Accession Number : ADA602345


Title :   Management of Heat and Cold Stress -- Guidance to NATO Medical Personnel (Gestion des contraintes thermiques (chaleur et froid) Conseils aux personnels medicaux de I'OTAN)


Descriptive Note : Technical rept.


Corporate Author : NATO SCIENCE AND TECHNOLOGY ORGANIZATION NEUILLY-SUR-SEINE (FRANCE)


Full Text : https://apps.dtic.mil/dtic/tr/fulltext/u2/a602345.pdf


Report Date : Dec 2013


Pagination or Media Count : 58


Abstract : NATO ground forces have operated in the extreme heat of Iraq, Afghanistan, Africa and Lebanon, and the numbing cold of Bosnia and Afghanistan. NATO forces often lack adequate doctrine, training and equipment to avoid thermal illness and injury, and to minimize debilitating effects on fighting capabilities. Thermal (heat and cold) illness and injuries are an important cause of non-battle-related illness and injury in deployed troops, which can consume forward medical resources and gravely degrade operational effectiveness. The August 2004 battle of Najaf, Iraq, resulted in 10 percent of engaged forces being incapacitated from heat stress and evacuated. NATO forces report heat illnesses often deplete forward medical support. The U.S. Army has had an 8-fold increase in heat stroke hospitalizations during the past 22 years. British military forces have suffered a high incidence of non-freezing cold injuries (hands and feet) in training and operations; while U.S. Special Forces are believed to suffer many unreported non-freezing cold injuries to hands. In addition, global warming has melted polar ice, resulting in increased energy exploration and trade routes through these extreme cold areas, which have had associated security concerns. NATO RTO RTG HFM-187 determined that: a) current thermal management capabilities are not fully utilized by NATO forces to educate military leaders on optimizing troop health and performance sustainment; b) significant scientific and capability gaps exist regarding thermal illness and injury susceptibility, early diagnosis and treatment; c) significant scientific and capability gaps exist regarding thermal management for operational effectiveness. NATO RTO RTG HFM-187 reviewed thermal management policies for NATO nations and produced both a technical report on thermal management for leaders and medical personnel, and low-tech information brochures on thermal (heat and cold) management. These products represent 'best practices.'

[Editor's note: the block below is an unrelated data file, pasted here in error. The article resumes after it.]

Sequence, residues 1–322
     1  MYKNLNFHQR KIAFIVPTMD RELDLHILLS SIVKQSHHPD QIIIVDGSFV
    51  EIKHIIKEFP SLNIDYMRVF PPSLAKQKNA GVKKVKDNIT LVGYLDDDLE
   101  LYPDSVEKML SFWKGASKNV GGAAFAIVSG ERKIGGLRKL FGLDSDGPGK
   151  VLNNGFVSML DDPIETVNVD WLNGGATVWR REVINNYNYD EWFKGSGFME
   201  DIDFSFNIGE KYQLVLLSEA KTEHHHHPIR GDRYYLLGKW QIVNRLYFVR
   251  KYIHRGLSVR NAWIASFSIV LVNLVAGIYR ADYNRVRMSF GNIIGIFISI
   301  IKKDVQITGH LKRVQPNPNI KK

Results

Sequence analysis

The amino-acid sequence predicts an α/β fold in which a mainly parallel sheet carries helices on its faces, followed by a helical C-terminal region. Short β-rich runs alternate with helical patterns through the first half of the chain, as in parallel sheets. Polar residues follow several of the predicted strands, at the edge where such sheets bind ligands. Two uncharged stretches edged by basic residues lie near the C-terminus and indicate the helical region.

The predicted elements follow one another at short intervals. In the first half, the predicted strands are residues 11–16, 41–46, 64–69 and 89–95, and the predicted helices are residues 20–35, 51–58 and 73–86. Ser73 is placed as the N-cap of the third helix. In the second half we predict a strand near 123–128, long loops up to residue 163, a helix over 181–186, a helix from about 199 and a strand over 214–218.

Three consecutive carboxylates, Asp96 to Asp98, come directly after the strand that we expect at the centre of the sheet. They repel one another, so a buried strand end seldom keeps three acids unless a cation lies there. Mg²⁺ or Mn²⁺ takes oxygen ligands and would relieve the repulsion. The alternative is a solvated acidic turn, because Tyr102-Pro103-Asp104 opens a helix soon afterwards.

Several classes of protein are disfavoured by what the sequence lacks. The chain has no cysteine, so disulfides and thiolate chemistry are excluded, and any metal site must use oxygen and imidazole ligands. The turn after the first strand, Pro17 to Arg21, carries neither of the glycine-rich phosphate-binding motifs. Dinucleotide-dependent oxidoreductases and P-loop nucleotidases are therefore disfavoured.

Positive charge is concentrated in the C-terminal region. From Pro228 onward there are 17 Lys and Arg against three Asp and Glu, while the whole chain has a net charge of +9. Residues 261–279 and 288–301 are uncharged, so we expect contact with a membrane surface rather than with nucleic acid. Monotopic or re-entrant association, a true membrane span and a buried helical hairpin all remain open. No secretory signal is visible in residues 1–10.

Descriptors :   *HEAT STRESS(PHYSIOLOGY) , ACCLIMATIZATION , COLD TOLERANCE , COLD WEATHER , COOLING , FROSTBITE , HEAT TOLERANCE , PROTECTIVE CLOTHING , STRESS(PHYSIOLOGY)


Subject Categories : Stress Physiology
      Protective Equipment


Distribution Statement : APPROVED FOR PUBLIC RELEASE